Last week the saber rattling that has characterized Georgian-Abkhaz relation subsided as UN- mediated talks about confidence building commenced. Against a backdrop of continuing mutual violence in Georgia’s breakaway region of Abkhazia (see EDM, November 8, 29) the talks are intended to demonstrate that a peaceful settlement of the 13-year-old conflict is still possible.
The United Nations reactivated its peacemaking role following pointed criticism from Georgian President Mikheil Saakashvili during his talks with UN Secretary-General Kofi Annan in Tbilisi on November 19. “We are extremely frustrated with the situation in Abkhazia,” Saakashvili said as he called upon the UN to be even more involved in seeking a settlement. When Saakashvili appointed Foreign Minister Gela Bezhuashvili on October 20, the president bluntly stated, “We still have not managed to properly bring to the international level our grief on Abkhazia.”
During the UN-mediated talks in the Abkhaz capital, Sukhumi, December 6-7, Giorgi Khaindrava, Georgian state minister for conflict resolution, and Sergei Shamba, the self-styled Abkhaz foreign minister, reportedly made progress toward a draft agreement about the non-resumption of hostilities and mutual security guarantees. Moreover, the parties confirmed their readiness to convene a special meeting for final approval of the draft. Khaindrava described the talks as “very interesting” and the package of security guarantees as “actually agreed.”
The Sukhumi talks involved top EU representatives and offered Abkhazia a large package of economic assistance to induce Sukhumi to soften its intransigent secessionist agenda. The first session of the steering committee on European Commission-funded infrastructure rehabilitation projects worth €2 million discussed the first stage of the two-phase, three-year program to revitalize the Tkvarcheli, Gali, and Ochamchira districts of Abkhazia and the adjacent Georgian Zugdidi district. Along with social-economic rehabilitation, the program is simultaneously targeted at developing stability in the conflict zone. The Abkhaz side welcomes the program, but categorically opposes including Georgian experts in the working groups within the territory of Abkhazia.
The representatives of the UN Secretary-General’s Group of Friends of Georgia (United States, Britain, Germany, France, and Russia) also participated in the session and conducted meetings with self-styled Abkhaz president Sergei Bagapsh and other Abkhaz officials.
Having briefed the visitors about the situation Abkhazia and in especially Gali, Bagapsh accused Tbilisi of patronizing “bandit groups” and launching a guerrilla war in this district. Bagapsh clearly identified the areas of possible Georgia-Abkhaz cooperation, including energy, transportation, and anti-contraband measures. During their meeting with U.S. Ambassador to Georgia John Tefft, the Abkhaz leaders reaffirmed that under no circumstances would Abkhazia give up its de facto independence from Georgia. They claimed that the Abkhaz would help South Ossetia militarily in case of “Georgian aggression.” Moreover, a new report by Georgia’s Russian-language news service, Novosti Gruzia, falsely attributed the statement to Tefft, implying that he knew Abkhazia had existed as an independent state prior to incorporation into Georgia. The U.S. Embassy in Georgia called the report “patently untrue.”
Whether this meeting between the ambassadors and the Abkhaz leadership foreshadows an increasing level of U.S. and EU involvement in the conflict settlement, which Tbilisi has long sought, remains to be seen.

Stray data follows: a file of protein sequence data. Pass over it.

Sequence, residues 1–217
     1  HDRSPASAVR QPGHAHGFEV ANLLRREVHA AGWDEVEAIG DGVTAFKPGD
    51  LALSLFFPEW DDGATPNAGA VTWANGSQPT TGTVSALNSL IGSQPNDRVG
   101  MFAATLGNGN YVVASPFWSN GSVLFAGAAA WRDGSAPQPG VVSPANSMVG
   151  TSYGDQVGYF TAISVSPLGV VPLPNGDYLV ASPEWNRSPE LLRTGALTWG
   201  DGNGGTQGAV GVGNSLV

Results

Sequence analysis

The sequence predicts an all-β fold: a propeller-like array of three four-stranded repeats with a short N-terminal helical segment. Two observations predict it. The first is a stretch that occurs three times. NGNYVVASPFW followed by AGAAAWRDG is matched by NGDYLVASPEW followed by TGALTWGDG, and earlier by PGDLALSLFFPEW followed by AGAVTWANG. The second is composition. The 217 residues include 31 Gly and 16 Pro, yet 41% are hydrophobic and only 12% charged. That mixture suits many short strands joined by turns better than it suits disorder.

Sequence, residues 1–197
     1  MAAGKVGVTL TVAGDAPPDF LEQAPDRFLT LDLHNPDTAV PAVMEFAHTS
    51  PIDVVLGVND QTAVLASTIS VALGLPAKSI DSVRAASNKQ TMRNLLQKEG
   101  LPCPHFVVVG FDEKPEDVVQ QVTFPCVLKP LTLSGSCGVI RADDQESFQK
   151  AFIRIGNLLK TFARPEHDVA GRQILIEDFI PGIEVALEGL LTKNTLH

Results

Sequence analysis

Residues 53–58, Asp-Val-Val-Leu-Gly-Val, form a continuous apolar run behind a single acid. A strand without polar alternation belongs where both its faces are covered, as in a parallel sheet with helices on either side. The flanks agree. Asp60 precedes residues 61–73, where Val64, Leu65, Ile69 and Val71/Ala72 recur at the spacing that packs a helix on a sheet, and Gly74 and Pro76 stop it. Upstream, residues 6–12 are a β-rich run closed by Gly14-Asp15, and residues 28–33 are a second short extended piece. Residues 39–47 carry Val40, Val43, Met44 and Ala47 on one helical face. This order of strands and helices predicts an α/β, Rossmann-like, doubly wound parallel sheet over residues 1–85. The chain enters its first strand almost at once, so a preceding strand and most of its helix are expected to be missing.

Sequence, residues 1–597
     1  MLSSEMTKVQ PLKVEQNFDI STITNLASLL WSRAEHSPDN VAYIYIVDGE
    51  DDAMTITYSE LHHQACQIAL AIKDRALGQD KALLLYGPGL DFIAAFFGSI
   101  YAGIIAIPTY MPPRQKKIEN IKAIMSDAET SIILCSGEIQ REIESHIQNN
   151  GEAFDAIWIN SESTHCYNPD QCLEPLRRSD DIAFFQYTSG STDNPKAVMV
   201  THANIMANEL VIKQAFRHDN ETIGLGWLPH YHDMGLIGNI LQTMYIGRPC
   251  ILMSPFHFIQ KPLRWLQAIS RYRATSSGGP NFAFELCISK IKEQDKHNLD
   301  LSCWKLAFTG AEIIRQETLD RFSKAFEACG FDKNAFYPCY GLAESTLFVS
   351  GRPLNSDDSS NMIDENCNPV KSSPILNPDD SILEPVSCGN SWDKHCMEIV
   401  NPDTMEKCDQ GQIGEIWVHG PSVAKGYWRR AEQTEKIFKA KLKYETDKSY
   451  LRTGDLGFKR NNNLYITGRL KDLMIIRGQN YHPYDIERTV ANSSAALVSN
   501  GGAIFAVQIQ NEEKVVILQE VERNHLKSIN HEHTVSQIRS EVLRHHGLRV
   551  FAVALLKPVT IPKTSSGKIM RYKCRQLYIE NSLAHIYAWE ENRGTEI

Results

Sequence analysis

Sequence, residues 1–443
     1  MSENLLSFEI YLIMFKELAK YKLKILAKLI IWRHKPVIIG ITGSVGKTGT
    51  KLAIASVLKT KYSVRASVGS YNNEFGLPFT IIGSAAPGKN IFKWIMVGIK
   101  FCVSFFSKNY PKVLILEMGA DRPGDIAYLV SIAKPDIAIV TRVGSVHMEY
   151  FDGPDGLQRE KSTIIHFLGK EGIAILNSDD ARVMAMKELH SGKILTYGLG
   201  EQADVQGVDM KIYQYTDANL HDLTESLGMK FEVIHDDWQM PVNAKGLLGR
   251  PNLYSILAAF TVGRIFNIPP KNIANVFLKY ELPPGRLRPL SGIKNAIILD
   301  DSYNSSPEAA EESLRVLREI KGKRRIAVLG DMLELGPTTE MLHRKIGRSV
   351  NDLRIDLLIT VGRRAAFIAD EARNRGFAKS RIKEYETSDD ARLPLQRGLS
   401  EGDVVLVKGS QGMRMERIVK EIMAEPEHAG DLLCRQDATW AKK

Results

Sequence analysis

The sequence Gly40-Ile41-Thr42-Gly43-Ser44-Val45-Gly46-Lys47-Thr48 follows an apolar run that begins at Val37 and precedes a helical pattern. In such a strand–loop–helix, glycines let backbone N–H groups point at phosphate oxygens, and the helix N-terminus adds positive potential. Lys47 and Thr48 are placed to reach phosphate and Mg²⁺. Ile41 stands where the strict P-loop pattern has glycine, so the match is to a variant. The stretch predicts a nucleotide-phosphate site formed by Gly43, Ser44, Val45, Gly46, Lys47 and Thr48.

Meanwhile, the “War Party” is doing its job. Hostilities continue in the conflict zone. On December 6, a secret ammunition depot containing anti-tank mines and TNT explosive was detected by locals in the Gumuri village in the Abkhaz-controlled Gali district. On December 7, an armed Abkhazian group crossed the Inguri River and entered Shamgona, a Georgia-controlled village in Zugdidi district, where they fired at a building sheltering Georgian refugees from Abkhazia. On December 10, in the village of Otobaia in Gali, unidentified gunmen fired at a house where a unit of the Abkhaz task force, mostly composed of Cossacks, was quartered, wounding two of them.
During the talks in Sukhumi Khaindrava vainly tried to dispel Abkhaz concerns about Georgia’s growing military potential. On December 9, the Georgian parliament overwhelmingly voted to increase the number of Georgian military personnel from 20,000 to 31,868. Khaindrava said that strengthening the Georgian army should not be interpreted as a plan to regain Abkhazia by military force.
Abkhaz defense minister Sultan Sosnaliev told Nezavisimaya gazeta that time constraints and the continued failure to resolve the Abkhaz problem politically encourage Tbilisi to escalate tensions. He argued that once the Baku-Tbilisi-Ceyhan oil pipeline comes fully online, the West would not allow Tbilisi to wage war against Abkhazia. “The Georgian army is totally different from what it was in the early 1990s,” he said. Sosnaliev said that Georgian-Abkhaz hostilities are imminent if Russia supports Georgia’s peace plan on Abkhazia as it recently did with regard to the Tbilisi peace plan on South Ossetia at the December 6 OSCE Ministerial Council in Ljubljana.
Not everyone in Tbilisi hailed the widely advertised draft Georgian-Abkhaz agreement about non-resumption of hostilities, believing that the document ties Georgia’s hands if the peace talks ultimately fail.
(Kviris palitra, October 17-24; Civil Georgia, November 19, December 6; Regnum, Akhali taoba, Apsnypress, December 7, December 6-7, 9; Prime News, December 8; Kavkas Press, December 8-9; Nezavisimaya gazeta, December 9; TV-Rustavi-2, December 11)